Bibliothèque nationale de France. Département des manuscrits : Mélanges de Colbert
Available reels: 1
- France. Bibliothèque nationale.
- Bibliothèque nationale de France. Département des manuscrits : Mélanges de Colbert
History of French Canada
MG 7 IA 6
- Document source
- Library and Archives Canada / Bibliothèque et Archives Canada
The Bibliothèque nationale de France is the National Library of France, located in Paris. It is intended to be the repository of all that is published in France. It traces its origin to the royal library founded at the Louvre Palace by Charles V in 1368. Charles had received a collection of manuscripts from his predecessor, John II, and transferred them to the Louvre from the Palais de la Cité. The library grew rapidly during the reigns of Louis XIII and Louis XIV, due in great part to the interest of the Minister of Finance, Jean-Baptiste Colbert (1619 - 1683), who was a huge collector of books. The library moved to various locations over time and opened to the public in 1692. The library's collections swelled to over 300,000 volumes during the radical phase of the French Revolution when the private libraries of aristocrats and clergy were seized. Today, the library’s mission is to constitute collections, especially the copies of works published in France that must, by law, be deposited there, conserve them, and make them available to the public.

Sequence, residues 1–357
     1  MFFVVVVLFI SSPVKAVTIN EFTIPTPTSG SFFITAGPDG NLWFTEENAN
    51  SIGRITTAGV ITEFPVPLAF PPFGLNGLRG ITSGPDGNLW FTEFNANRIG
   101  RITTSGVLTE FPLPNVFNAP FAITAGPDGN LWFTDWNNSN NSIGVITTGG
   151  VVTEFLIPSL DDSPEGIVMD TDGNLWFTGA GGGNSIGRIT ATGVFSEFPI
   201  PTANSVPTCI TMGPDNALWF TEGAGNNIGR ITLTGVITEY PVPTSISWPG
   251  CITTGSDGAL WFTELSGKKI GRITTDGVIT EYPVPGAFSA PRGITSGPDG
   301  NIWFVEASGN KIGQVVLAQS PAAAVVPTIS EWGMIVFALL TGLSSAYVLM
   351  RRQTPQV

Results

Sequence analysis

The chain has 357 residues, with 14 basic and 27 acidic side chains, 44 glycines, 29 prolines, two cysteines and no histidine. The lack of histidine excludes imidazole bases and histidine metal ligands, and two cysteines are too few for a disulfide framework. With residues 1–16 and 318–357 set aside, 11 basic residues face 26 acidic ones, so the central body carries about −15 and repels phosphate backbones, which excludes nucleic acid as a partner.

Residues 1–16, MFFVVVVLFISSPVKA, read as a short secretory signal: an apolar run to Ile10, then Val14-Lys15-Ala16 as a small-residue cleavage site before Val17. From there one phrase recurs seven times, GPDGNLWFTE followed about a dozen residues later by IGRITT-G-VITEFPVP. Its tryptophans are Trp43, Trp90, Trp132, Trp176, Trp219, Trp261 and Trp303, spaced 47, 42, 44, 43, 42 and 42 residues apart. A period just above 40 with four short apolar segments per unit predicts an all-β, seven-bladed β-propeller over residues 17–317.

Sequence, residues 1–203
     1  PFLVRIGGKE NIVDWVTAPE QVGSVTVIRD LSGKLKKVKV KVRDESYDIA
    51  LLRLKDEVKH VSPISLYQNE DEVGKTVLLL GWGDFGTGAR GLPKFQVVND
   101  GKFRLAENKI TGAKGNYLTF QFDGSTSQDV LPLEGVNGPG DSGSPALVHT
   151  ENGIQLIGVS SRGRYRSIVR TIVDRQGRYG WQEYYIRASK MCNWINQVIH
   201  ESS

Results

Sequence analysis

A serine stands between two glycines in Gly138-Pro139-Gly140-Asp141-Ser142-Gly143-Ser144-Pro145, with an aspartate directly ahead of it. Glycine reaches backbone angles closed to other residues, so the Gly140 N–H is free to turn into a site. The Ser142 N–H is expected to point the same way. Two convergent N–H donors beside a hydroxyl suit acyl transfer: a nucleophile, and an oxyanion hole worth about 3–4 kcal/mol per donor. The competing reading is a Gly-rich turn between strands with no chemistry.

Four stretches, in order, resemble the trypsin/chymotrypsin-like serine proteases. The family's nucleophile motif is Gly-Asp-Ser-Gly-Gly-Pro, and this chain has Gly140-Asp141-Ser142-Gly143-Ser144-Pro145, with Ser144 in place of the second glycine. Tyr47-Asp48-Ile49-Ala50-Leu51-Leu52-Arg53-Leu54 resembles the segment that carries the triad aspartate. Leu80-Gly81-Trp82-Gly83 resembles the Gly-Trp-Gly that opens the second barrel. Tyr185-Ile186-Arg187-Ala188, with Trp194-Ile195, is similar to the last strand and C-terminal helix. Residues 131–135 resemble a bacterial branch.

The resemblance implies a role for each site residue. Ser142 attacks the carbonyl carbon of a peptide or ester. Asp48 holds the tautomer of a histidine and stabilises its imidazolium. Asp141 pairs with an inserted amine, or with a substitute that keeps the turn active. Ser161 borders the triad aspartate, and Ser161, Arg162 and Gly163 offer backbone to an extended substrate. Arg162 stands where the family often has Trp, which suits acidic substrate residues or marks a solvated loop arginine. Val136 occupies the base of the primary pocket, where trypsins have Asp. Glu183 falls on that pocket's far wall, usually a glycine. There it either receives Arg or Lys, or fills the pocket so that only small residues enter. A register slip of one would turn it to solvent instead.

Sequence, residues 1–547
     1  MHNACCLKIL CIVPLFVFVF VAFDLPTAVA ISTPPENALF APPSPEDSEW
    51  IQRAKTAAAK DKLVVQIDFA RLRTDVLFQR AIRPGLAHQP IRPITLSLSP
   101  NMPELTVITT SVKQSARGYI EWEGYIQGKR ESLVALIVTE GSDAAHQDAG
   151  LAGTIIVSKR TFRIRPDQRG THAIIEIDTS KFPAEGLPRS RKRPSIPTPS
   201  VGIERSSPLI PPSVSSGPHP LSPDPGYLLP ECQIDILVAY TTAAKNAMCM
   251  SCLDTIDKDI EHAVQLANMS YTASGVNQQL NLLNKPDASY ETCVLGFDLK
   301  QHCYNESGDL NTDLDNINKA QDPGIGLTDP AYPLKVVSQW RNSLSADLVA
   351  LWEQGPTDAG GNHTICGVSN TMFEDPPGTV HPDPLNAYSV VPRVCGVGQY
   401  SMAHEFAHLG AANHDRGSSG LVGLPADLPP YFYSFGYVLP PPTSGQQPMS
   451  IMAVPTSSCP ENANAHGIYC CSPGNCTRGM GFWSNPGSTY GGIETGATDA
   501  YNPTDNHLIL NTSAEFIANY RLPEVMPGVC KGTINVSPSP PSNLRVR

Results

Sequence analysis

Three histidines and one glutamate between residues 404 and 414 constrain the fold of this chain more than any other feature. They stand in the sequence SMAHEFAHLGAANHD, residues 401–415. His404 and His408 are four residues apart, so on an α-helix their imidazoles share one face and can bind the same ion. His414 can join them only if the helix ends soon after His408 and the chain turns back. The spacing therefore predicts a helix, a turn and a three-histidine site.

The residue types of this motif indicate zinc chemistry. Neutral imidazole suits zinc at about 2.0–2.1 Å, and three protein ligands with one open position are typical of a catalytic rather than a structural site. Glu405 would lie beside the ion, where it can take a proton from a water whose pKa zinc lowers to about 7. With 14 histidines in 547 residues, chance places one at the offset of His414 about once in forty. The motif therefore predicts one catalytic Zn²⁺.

Jean-Baptiste Colbert (1619-1683), the Comptroller General of Finance and State Secretary of the Navy under Louis XIV, had, at rue des Petit -Champs in Paris, a very famous library at the time. This minister expanded its library with a huge mass of documents that he bought, or made copies of from a few scholars in Paris, in France and even abroad. The majority of the collections of Colbert were paid to the king's library in 1732. However, some collections remained in his family until the late 18th century, before moving to the National Library. This collection includes correspondence between Colbert and different people in the city, colonies or official ports (Rochefort, La Rochelle, Saint- Malo, Bordeaux, Brouage , etc.). The correspondents include municipal leaders, ambassadors, commanders of ships, governors, intendants, bishops, superiors of religious orders, dealers, managers trading of companies, and so on. Among the many correspondents include Colbert du Terron, Paul Ragueneau, Tracy, Talon, Frontenac, Salières, La Barre, Le Borgne, Mgr de Laval, La Rochette Gargot, Du Perron Thalour, Laurent Tonty, Gaudais-Dupont et Seignelay. Part of the collection deals with the expenses of the royal treasury for paying officers, the maintenance of troops, various allowances and bonuses.